A Coruña

8 10 2009

Nothing much happens, life continues, I don’t write anything on the blog and people still read it. Very good. Maybe I should write something then.

Ok here goes.

The weather has definitely changed. My Northern American friends write nasty things aboot the coming winter. So leave Canada, at least for the winter. Barcelona today: 26°C and sunny. It did rain for a week about a month ago. You should have seen the coats and scarves come out. I think it was about 20°C. Then the weather cleared up beautifully for Mercé. Barcelona’s week of festivities and street parties. For all I know it could have rained for the last two weeks – I was in the far NW corner of Spain, right up in Coruña. Lets see if I can get a map to work:

A Coruña. Pleasant, small. Actually fairly polluted for such a small place. The old city is quite lovely, but the new… It looks like about the 60’s or 70’s someone went mad in the town hall, and built a whole pile of lego block apartment buildings with no respect for the street layout or aesthetics. Maybe next time I’ll try to demonstrate with fotos. Unfortunately several stunning examples of hideousness were between our hotel and the old city, and one or two (or three or four) amazing seafood restaurants. Oh, and it rains in A Coruña. Aparently the climate is similar to the UK. They tell me now. I got caught in a rather nasty downpour exiting another nice restaurant.

Also, so they tell me, there is a tower over the body of the giant that Hercules killed. I claim ignorance of the legends of Hercules, but I didn’t know that people were claiming they might be fact, and actually know where the bodies are. Convieniently, it looks like a very good place for a light house. The city shield has a skull and cross bones on it; they’re serious. This is slightly surprising, since A Coruña is about as far away from Rome as you could get in the Roman empire, when it was around (ok, no it’s not, but it’s a damn long way without a car). Maybe he came wandering. Maybe he was on a bike trip.

So work was pleasant. The Spanish are working winter hours now. So 0830 to 2000. Long day. Also long lunch. No siesta, but the lunch is of average restaurant quality. Amazingly good for a canteen. Everyone shuffles past the counter, selects their two plates of food, anything from salad to whole fish, + bread, drink, desert. We all sit down and talk / eat for a while. Coffee is brought round. Very civilised. Then roll back to work. At about 2pm. So we’re not hungry again until about 11pm. Which is fine, because any earlier and the restaurants are shut. Eat something, return to the hotel, check some emails, get to sleep around 2am. Back up at 7 to start the day. After two weeks I’m completely buggered! the work wasn’t so hard, but the sleep deprivation is killing me. I just fell asleep in front of the computer for 2 hours (and missed my opportunity to go for a run today).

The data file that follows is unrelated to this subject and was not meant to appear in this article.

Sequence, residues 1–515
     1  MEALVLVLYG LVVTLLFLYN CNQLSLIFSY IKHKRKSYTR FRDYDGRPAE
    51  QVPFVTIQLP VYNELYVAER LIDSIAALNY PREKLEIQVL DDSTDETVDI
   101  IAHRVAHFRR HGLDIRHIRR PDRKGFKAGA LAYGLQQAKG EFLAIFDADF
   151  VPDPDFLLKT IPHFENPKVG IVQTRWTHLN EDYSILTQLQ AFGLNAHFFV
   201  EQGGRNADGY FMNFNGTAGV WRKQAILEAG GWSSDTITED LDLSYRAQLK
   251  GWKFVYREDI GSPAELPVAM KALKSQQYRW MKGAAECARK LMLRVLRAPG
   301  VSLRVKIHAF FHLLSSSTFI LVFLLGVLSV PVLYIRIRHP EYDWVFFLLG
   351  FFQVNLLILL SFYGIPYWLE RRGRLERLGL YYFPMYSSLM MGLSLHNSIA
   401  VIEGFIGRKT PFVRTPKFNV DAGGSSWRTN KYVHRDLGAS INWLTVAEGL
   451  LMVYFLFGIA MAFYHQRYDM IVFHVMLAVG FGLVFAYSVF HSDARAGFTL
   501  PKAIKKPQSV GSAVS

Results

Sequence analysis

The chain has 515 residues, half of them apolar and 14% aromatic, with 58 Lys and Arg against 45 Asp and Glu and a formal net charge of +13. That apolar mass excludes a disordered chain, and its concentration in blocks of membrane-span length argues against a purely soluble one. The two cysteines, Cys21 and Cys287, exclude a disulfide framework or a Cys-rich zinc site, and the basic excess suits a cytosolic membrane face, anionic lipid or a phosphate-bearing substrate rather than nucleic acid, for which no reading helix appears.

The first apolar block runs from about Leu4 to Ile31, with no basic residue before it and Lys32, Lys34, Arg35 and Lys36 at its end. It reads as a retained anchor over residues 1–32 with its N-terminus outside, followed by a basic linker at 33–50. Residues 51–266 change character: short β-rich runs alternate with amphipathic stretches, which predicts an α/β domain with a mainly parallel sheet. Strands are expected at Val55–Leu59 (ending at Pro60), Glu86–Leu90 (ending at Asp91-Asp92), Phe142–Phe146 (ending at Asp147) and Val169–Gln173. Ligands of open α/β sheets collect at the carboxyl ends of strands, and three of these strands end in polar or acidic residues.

The future. I’m “home” (in Barcelona) tonight, there’s another yacht race this weekend. Back on Monday. Another night at “home”, then off to Belgium for two weeks. Awesome, another month where I’m at home for two whole nights. I’m still trying to work out why I might be single…


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2 responses

12 10 2009
Richard

You are single because you have such a large nose.
(or is that why I am single. can never remember). When next in ACoruna drop in at San Cip, Vivero. you may run into traveling australian engineers. Our trips there were bleak in winter. The time zone is displaced with the sun rising at about 9. ACoruna was ok. The feature being a crumbling cathedral which was the terminal point of the Camino. or was that Santiago de Compostella. Anyway I believe you’re well. Toc had some observations.
Richard

12 10 2009
Steve

He he. Took me two job changes, and moving to Spain to finally get sent to Gallicia, maybe would have been quicker to stay at ‘H’.

Not yet been to Santiago de Comp. Maybe next trip. Not looking forward to a winter visit. Already had a more than fair example of what the rain can be like in A Coruña.

Will have to do something about the nose. Thanks for the tip.

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